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Chimu People on the 164-page double edition, out nowThe latest issue of the Cape Town based cultural and literary journal, Chimurenga, is a double-take on sci-fi and speculative writing from the African world, collectively titled “Dr. Satan’s Echo Chamber”. The title of the double-issue is drawn from a dub mix by the late Jamaican producer King Tubby.Chimurenga 12 is a collection of dystopian faction, which challenges, relentlessly, and throws rocks at the windows of the world. The issue features writing and art by: Allan “Botsotso” Kolsky, Koffi Kwahule, Joao Barreiros, Olufemi Terry, Doreen Baigaina, Stacy Hardy, Akin Adesokan, Nnedi Okorafor-Mbachu, JG Ballard, Emmanuel Dongala, Blank du Blanc, Jean Malaquais, Liesl Jobson, Peter Kalu, Dominique Malaquais, Basim Magdy, Jean Lamore, Femi Rage Dawkins, James Sey, Minnette Vari, Teju Cole and Rana Dasgupta.Chimurenga 13 documents the making of several Afrofuturist projects, from the speculative engineering of Abu Bakaar Mansaray to the film-work of the Black Audio Film Collective and Jean-Pierre Bekolo, and dub/death-work of King Tubby. The issue also features: Angolan composer and theorist Victor Gama’s object-oriented music writing; John Edwin Mason on the making of Abdullah Ibrahim’s “Mannenberg”; Lionel Manga on future-present Douala; Baudouin Mouanda on SAPE; Pume Bylex on his paintings; Eyal Weizman on walking through Palestinian walls; Luca Frei on the Beaubourg underneath Paris and a discussion between Sartre and Nkrumah staged by the Sharzhad Collective.Since its very first issue in 2002, Chimurenga has received excellent reviews; writers, poets, scholars and journalists, among numerous others, have lauded its originality, the quality of its content and its willingness to tackle subjects other publications might consider too difficult or controversial to address.It is widely viewed as one of the most interesting and important publications available in post-apartheid South Africa and is fast gaining supporters abroad. Award-wining Kenyan writer and founder of Kwani, Binyavanga Wainaina, says “Chimurenga is the finest literary magazine in Africa”. Vanity Fair calls it “an uber-cool, multilingual journal spinning a funky mix of art, culture and political writing from and about Africa”. Chimurenga is available at bookstores across South Africa.ISSN 1683-6162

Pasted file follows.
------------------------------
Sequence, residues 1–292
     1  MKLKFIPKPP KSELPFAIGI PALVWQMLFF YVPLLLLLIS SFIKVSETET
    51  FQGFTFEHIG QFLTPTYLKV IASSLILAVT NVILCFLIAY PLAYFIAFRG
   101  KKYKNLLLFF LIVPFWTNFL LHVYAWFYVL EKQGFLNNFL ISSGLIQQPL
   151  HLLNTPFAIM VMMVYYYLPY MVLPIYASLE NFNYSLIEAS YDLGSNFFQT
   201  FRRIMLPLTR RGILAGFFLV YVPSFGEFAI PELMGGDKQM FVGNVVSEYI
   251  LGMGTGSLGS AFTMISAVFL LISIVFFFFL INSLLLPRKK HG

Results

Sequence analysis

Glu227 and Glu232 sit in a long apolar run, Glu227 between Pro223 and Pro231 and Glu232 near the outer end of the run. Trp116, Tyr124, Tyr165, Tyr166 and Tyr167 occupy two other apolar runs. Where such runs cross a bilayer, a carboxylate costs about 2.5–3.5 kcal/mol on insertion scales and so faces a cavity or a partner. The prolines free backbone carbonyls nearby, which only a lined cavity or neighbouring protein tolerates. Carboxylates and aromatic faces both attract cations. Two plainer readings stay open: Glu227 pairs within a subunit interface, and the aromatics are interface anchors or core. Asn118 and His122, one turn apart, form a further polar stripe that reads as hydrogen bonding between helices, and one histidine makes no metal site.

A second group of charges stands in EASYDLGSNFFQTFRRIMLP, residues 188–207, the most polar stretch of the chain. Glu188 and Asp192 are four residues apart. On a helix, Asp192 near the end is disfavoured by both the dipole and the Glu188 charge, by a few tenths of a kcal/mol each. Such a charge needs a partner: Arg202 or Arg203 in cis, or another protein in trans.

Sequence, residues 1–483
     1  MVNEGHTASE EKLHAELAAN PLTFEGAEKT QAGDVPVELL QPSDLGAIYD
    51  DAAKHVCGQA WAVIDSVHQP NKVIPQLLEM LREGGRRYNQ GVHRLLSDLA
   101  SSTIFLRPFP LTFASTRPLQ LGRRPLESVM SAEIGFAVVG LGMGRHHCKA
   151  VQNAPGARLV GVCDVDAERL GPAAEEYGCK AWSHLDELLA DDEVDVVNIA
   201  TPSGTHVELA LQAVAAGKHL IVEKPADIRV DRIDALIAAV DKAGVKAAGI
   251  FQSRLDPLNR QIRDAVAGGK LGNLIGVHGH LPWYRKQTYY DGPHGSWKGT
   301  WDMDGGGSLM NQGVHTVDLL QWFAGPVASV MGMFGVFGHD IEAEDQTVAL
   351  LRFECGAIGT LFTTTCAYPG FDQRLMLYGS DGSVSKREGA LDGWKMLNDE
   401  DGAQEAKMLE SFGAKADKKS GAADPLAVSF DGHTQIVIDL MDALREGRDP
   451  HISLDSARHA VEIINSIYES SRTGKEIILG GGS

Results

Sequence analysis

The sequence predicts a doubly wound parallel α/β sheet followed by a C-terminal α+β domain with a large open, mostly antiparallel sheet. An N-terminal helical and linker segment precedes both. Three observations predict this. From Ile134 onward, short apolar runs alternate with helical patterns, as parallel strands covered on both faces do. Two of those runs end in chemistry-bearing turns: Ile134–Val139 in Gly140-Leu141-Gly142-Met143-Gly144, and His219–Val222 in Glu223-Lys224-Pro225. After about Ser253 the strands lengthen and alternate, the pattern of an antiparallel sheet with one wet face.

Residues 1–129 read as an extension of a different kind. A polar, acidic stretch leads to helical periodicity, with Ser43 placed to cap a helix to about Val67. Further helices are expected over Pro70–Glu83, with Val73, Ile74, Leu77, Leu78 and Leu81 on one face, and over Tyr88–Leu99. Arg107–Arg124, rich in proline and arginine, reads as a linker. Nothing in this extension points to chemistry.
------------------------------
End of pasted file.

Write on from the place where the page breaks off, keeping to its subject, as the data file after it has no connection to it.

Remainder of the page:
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Yesterday I stayed in bed all day and watched movies. I saw two movies I hadn't seen before. One was called Tomorrow (by writer Faulkner by way of director Horton Foote and actor Duvall) and the other was called Constantine with my lifelong crush Keanu Reeves. (In fact I have had such a jones for Keanu for such a long time that in Wind Follower I actually named my character Kaynu after him.)Anyways, Constantine --despite Keanu's gorgeous self-- just had me rolling my eyes. Hey, I'm okay with folks fooling around with Christian theology but what a mish-mash it all was! I mean...he had to look into the eyes of a black cat in order to enter hell. What's that about?"Tomorrow" on the other hand touched me -- although I think the actual Faulkner story would have touched me more. I can't help it. I'm a Black Jamaican but I have always had this fascination with poor white folks in Appalachia. Supposedly --at least this is what I pick up from the media-- these salt of the earth types would be the first to lynch me. I can watch movies about city sophisticates having all kinds of angst but the stories that really touch me are those about poor, country people, whatever culture they're from: China, poor white, Africa, Latin America, African-American.So there I was watching it and reminding myself that I haven't seen The Apostle in a while when it suddenly dawned on me that all my stories are about wars. Wars, small, great, undeclared, and recurrent. In Wind Follower, my main characters thought the human war was over and they figured that as long as they avoided the spiritual war, the spirits would ignore them. In Constant Tower, there's a war of a different kind going on. And in Inheritance, wars also abound.Of course all stories are about conflicts...and conflicts are another word for war. War against the self, war against nature, etc. Each author has her own opinion about what wars abound in this life. Romance writers concern themselves with the emotional wars at home and the wars between the sexes. Sometimes status and race are thrown in but for the most part, the characters in a romance story are dealing with their home culture and emotional inheritances and how their cultural inheritances conflict -- war with-- that of the one they have come to love. Other writers, on the other hand, deal with more political and social wars. And Christian fiction writers often deal with spiritual wars: the conflict between the self, the soul, and the spirit....and how that inner conflict is compounded when it encounters the world, the flesh, and the devil.I totally believe that a great romance is the best kind of story possible. Why? Because it concerns itself with love --which is eternal and which changes the soul-- and with the creation of a new family/community while retaining the best of one's self and one's community. In Romances, relationships are ultra-important.Now all this is tough for me to balance in a fantasy story which aims for action from the get-go. I, unfortunately, am fascinated by normal life --the normal life of the world we know, and the normal life of the fantasy world an author has created-- and what makes normal life tick. I'm a tourist/anthropologist at heart. This means that even when I create a fantastical world, if I'm not careful I'll find myself wandering leisurely among the poor folk of that culture, ambling along the country lanes...and not pushing the plot along. Romance writers and Christian fiction writers are used to this kind of slice-of-life stuff. They are used to slow country rambles with subtle small conflicts and stressors. Most fantasy lovers, on the other hand, are more into Constantine-type stories. They want a lot more action upfront...like 30 pages of mucho drama, death, external warring. So I'm trying my best to get into that groove. What to do?Work at figuring out how to work with cross-genres, maybe. Thank God I'm still growing as an author. I hope that whatever path my stories take -- the gentle ramble or the page-turning adventure-- that my fans will walk lovingly and patiently with me. Thank you all.